Why is Conan asked, and not the many soldiers, warriors, and armed nobles described elsewhere on the page? The dancing girl explains that since Alafdhal has a promising career ahead, she wants to keep both madness and murder out of the public eye.

 

She also offers that the priest follows an unpopular religion, and so there will be no retribution for his murder from the town ruler, the satrap Jungir Khan (albeit rumor says he, in turned, is ruled by his mistress Nafertari).

 

Conan raises but one objection:

 

“And what of his magic?” rumbled the Cimmerian.

“You are a fighting man,” she answered. “To risk your life is part of your profession.”

“For a price,” he admitted.

“There will be a price!” she breathed, rising on tiptoes, to gaze into his eyes.

 

That she is desperately in love with her man, but willing to grant, as the abovementioned price, the gift of her supple body to the manly desires of Conan as payment for services rendered is dismissed with an airy word by the narrator: “Women are more practical about these things than men.”

 

It is a credit to the skill of the writer that the reader, caught up in the vivid action and menace of the rapid plot, most likely will not pause to ponder how despicable are all characters involved.

 

I mean, who among us would not murder a man of the cloth on the unsupported word of an alluring odalisque or nubile harlot who fed her last lover poisoned potions, in return for the connubial pleasures of an hour?

 

One can only speculate how many bastards Conan has fathered in his wanderings, or how many unwanted children of his ended by being exposed to the elements.

 

Chivalrous, Conan is not.

 

No matter. The story rushes on! In short order, Conan finds and subdues the young officer, binds his hands, then accompanies the dancing-girl to the temple of the Ape-God on his murder mission, whereupon the dancing girl is snatched away through a trap door, he is befuddled by illusions, and then he is locked into mortal combat with a giant man, more massive and muscular than even he.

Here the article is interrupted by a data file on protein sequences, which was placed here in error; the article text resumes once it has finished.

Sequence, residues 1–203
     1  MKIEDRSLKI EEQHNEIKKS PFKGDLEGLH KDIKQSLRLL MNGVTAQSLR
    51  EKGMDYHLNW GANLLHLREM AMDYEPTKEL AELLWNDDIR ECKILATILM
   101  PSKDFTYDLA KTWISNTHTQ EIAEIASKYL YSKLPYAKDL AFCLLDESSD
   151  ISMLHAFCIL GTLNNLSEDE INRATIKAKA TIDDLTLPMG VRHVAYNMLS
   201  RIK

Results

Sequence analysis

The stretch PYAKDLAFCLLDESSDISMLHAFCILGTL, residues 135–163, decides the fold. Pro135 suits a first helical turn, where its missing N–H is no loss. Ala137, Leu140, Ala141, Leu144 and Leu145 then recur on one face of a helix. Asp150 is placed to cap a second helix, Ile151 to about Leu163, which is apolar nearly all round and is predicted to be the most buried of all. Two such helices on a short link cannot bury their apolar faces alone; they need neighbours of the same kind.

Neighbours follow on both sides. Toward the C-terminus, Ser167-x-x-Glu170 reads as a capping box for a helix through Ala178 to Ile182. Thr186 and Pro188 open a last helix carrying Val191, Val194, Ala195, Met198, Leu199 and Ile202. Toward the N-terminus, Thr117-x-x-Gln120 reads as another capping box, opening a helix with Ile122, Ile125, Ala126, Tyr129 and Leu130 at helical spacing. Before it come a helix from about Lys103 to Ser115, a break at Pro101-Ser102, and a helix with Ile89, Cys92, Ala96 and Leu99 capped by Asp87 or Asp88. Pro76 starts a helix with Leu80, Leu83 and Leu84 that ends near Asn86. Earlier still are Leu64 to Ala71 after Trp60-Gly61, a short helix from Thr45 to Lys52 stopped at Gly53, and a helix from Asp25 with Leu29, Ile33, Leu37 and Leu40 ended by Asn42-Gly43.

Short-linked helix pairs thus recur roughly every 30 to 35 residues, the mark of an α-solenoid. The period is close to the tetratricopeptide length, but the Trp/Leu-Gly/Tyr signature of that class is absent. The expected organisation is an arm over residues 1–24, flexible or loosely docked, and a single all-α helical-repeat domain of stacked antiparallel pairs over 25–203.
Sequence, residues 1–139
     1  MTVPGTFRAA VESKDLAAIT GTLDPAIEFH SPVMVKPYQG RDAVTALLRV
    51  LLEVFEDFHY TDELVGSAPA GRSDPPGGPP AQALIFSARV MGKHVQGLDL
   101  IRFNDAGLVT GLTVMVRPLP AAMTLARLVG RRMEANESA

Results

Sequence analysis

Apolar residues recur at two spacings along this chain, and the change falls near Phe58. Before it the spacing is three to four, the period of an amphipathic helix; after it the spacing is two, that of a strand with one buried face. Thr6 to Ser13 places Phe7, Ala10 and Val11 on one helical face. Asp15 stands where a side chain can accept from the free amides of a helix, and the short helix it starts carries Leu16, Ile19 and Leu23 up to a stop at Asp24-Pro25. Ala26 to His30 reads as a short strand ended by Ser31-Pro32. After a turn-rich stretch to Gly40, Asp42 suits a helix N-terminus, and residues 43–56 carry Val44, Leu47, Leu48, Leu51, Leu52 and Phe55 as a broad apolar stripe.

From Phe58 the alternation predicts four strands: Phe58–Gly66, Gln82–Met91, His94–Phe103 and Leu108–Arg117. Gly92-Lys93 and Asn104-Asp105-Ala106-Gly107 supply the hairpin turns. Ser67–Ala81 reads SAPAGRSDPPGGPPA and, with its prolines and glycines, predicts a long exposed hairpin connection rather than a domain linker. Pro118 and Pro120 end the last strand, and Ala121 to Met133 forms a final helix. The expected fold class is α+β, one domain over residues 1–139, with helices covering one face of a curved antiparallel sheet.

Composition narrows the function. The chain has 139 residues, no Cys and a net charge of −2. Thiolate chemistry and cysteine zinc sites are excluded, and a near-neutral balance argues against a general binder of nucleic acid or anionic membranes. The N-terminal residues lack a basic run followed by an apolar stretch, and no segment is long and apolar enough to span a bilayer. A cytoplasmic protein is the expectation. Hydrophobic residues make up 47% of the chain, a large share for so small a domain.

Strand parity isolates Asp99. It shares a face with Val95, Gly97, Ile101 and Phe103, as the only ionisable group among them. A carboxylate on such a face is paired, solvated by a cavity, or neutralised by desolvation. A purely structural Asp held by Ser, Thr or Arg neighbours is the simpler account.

This mighty figure mocks while lounging on a divan. He says he was given the name Baal-Pteor, adding “…why Totrasmek gave it to me, any temple wench can tell you.”

 

 

Howard assumes the devils of any given people were the gods of earlier generations long conquered, so the devil Baal, in prehistory, is a god of the Shemites.

 

Pteor apparently alludes to a Priapic deity. This can be deduced from a clue in Jewels of Gwahlur, which mentions, in passing, the altar and statue of “… the monstrous and obscene Pteor, the god of the Pelishti, wrought in brass, with his exaggerated attributes reflecting the grossness of his cult…” Again, note the delicacy with which a 1930s publication portrays degeneracy, both of phallic cults and of phallic boasts.

 

 

Unfortunately, the illusions that daze Conan before the battle is joined are not memorable. They lack any of the creative or creepy inventiveness of prior brushes with magic from other tales. The magic in this story lacks magic.

 

By way of contrast, in People of the Black Circle, an explanation of the cultural background needed to fall victim to mesmeric influence is explained, and Conan Western background, alien even to the concept of hypnosis, gives him the strength to resist the spell.

 

Here, the illusions simply deceive him into striking a magnetic table which yanks his sword from his hand. But the magnetic table is a clever bit of business, which allows for the unarmed fight following.

 

On the other hand, as with all but one of his challenges in this tale, Conan does not do anything clever or unexpected to defeat the mighty strangler, nor to recover his sword. In both cases, raw muscle power solves the problem.

 

As with all well-made epics, the might men of valor must vaunt before battle is joined.

 

“Your head, Cimmerian!” taunted Baal-pteor. “I shall take it with my bare hands, twisting it from your shoulders as the head of a fowl is twisted! Thus the sons of Kosala offer sacrifice to Yajur. Barbarian, you look upon a strangler of Yotapong.

 

“I was chosen by the priests of Yajur in my infancy, and throughout childhood, boyhood, and youth I was trained in the art of slaying with the naked hands—for only thus are the sacrifices enacted. Yajur loves blood, and we waste not a drop from the victim’s veins. When I was a child they gave me infants to throttle; when I was a boy I strangled young girls; as a youth, women, old men, and young boys.

 

“Not until I reached my full manhood was I given a strong man to slay on the altar of Yotapong… The priests of Kosala, the stranglers of Yajur, are strong beyond the belief of men. And I was stronger than any. With my hands, barbarian, I shall break your neck!”

 

 

Yajur may be taken from the name of the Hindu holy book Yajur-Veda, which means “the Lore of Veneration.” The character here is described as from Kosala, a land described as ” east of Vendhya (India) and south of the Himelian Mountains (Himalayan).”  He is, in effect, a Thuggee.